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Tuesday, March 24, 2009

The Life Is in the Bud

Greetings to all in Greensboro on a cool March day, 2009. I hope your day is going well so far.

The other day I walked by
The Perfect Tree (a Post Oak) on Elm Street I saw that its end-buds (buds tend to be clumped at the end of oak twigs) were starting to swell, soon to open and fill the air with oak pollen. Last evening I noticed that the birch tree catkins (from the white or paper birch trees by our patio) are just starting to swell and elongate. Soon, birch pollen will cover our patio. I pity my neighbors with allergies, but I love, in the truest sense of deep and abiding affection (and praise to God), the “miracle” of Spring. OK, so I am a biology geek, but tree buds are way cool. Their formation, dormancy, and opening is akin to conception, development, and birth in animals, and almost as fascinating.

Spring is here! Take a break. Go outside and walk around and look at the perfectly ordinary and common tree buds all around you. They are swelling. Many have opened already and we see leaves on their trees – maple trees for example. Others are just getting ready to open, such as dogwoods. Notice the covering of the buds. All winter long those bud scales, sometimes one big scale, sometimes two, sometimes more, have protected the life inside the bud from the cold and wetness outside. One freezing rain storm after another may coat the tree with ice, but the bud scales keep the life inside the bud safe and ready to grow when the time is right.

Inside are tiny leaves and/or flowers, either well-formed in miniature, or at least already differentiated as cells ready to take on full form. What energy the tree didn’t put into its seeds or store in its roots last summer and fall, it has packed into these buds. Indeed, as last summer wound down, and the buds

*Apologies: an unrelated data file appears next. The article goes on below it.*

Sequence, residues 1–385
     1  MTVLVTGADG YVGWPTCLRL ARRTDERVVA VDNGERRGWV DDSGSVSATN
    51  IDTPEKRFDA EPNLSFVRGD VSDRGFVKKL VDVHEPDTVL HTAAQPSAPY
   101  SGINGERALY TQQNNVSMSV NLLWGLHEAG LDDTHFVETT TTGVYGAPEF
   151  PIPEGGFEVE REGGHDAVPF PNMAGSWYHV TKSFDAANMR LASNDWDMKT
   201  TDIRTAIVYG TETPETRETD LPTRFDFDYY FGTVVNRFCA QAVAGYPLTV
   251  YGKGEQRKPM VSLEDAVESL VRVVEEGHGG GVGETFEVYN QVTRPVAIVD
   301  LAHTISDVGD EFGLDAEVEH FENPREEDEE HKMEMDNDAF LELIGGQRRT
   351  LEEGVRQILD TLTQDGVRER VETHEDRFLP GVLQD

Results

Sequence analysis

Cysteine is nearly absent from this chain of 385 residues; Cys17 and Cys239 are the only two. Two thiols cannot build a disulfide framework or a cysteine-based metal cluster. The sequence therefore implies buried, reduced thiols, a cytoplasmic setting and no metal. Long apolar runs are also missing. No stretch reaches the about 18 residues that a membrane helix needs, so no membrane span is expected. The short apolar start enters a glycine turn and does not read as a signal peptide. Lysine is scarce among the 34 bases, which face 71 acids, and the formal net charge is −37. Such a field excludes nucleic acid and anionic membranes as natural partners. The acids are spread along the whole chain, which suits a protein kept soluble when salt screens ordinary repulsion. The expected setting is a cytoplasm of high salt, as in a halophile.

which would lie dormant over the winter started to form, the tree “knew” to transfer important energy sources from the leaves and roots to the buds.

These buds are rich in energy which is why deer and other animals like to eat them. As the buds open they will attract the season’s very earliest insects, crawling and flying, to their moisture and sugars. Over the next few weeks Greensboro will be filled with budding coming-to-life trees, awash with flowers. Tree flowers aren’t all as bright and glorious like red buds and cherries. But each is beautiful and fascinating in its own way, if you have eyes to see. And the overall effect of abundant small flowers and young leaves can be quite beautiful as well. I think in particular of the beautiful earth tones of oak tree catkins and early leaves. This lends a feel of autumn to stands of budding/leaving/blooming oaks. Sometimes the most beautiful things are faint, and less showy. So keep your eyes peeled, and if you have a chance, go bud watching. It’s at least as fun as sitting at a computer all day!

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